Never having been on a road trip like this, I did not know what to expect and slightly modeled mine after some cross-country road trips I had worked with – lunch here, sleep there, and a different city each night. I enjoyed the rapid pace and the full days of driving, but my travel companion hated it. However we did agree that the only place we ever felt settled into was the car. Because we were only at the hotel to sleep, we also learned not to fully unpack or to have any suitcase explosions that required repacking everything.

My advice: Put the things you need to access frequently to the top of the suitcase, like hair bush, toothbrush and toothpaste, sandals, favorite pants, whatever, so you aren’t rummaging around and pulling everything out.

I also found myself wearing boots and jeans as I left San Fransisco, only to pull out everything in my suitcase to get to my shorts and change in the car so I could play on the beach, leaving the suitcase explosion in the trunk. I struggled to cram the clothes and shoes back into the suitcase as the mandatory hotel valet waited around. In my rushing, I also forgot a few of my necessities in the trunk and didn’t have courage to ask the valet bring the car around just so I could get my make up out of the car.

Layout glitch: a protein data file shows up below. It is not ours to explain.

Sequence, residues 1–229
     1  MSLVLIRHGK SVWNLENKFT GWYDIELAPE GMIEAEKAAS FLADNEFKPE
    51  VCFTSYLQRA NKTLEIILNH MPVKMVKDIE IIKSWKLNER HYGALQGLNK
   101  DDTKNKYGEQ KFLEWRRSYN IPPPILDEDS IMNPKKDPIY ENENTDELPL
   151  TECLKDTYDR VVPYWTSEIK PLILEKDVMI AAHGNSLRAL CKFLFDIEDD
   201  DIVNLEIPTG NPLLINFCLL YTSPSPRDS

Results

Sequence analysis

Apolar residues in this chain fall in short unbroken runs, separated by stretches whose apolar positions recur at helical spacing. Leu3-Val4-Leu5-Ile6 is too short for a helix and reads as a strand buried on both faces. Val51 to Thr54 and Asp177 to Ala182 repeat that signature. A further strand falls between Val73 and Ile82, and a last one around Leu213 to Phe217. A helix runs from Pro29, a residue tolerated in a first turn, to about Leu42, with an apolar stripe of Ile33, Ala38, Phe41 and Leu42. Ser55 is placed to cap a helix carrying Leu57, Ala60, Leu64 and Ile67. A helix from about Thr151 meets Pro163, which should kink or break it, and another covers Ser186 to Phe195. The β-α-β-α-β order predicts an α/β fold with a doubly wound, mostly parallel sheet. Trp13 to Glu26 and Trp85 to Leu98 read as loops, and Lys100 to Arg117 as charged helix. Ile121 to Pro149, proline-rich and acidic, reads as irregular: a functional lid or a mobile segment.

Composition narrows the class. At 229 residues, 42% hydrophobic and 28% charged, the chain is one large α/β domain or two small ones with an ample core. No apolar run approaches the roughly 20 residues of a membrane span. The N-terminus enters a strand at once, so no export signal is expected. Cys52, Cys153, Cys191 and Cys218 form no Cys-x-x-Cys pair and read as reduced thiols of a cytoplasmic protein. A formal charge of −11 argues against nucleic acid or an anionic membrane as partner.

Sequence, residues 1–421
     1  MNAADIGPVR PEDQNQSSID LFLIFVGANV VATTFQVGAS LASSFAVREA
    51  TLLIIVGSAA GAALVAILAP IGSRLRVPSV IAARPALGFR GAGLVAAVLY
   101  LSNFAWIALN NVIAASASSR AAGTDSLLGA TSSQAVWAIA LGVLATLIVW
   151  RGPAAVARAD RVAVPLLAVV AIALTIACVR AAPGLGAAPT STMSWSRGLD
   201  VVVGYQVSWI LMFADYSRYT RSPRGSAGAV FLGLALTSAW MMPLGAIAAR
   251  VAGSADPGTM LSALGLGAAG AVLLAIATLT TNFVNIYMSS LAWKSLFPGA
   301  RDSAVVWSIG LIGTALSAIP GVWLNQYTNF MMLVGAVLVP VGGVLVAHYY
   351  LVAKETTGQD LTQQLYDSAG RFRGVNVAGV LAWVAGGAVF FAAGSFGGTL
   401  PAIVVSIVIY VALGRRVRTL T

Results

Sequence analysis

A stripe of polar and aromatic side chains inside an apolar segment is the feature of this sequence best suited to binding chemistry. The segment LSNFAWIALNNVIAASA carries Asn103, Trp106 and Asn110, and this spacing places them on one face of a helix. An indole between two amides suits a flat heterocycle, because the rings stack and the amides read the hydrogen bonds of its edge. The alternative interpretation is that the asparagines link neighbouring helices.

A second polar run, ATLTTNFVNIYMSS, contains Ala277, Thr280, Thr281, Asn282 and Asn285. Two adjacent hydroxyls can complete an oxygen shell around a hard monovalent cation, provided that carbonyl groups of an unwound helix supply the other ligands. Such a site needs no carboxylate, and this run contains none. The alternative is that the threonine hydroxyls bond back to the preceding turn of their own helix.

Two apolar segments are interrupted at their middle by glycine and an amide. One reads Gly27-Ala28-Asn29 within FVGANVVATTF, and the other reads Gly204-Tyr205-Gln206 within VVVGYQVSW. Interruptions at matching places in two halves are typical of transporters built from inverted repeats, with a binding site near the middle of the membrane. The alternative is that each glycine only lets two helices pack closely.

Stick to a schedule, but leave room to improvise

Enjoying the view

When I planned the trip I looked at miles per day and travel times and my goal was to take my time road tripping with the flexibility to stop and enjoy things I see along the way while not stretching out the trip too long because of work and responsibilities at home.

On my second day on the PCH, I went from Monterey to Pismo Beach. It was the segment I was most looking forward to because I wanted to see the Monterey Aquarium and go on the scenic 17-Mile Drive on the Monterey Peninsula as well to enjoy Big Sur, Bixby Bridge and other sites.

The Hearst castle was also along the way and that required a scheduled tour time, with the latest being 3:30 in the afternoon. And this segment of the trip was the most amount of miles driven in a day on the PCH.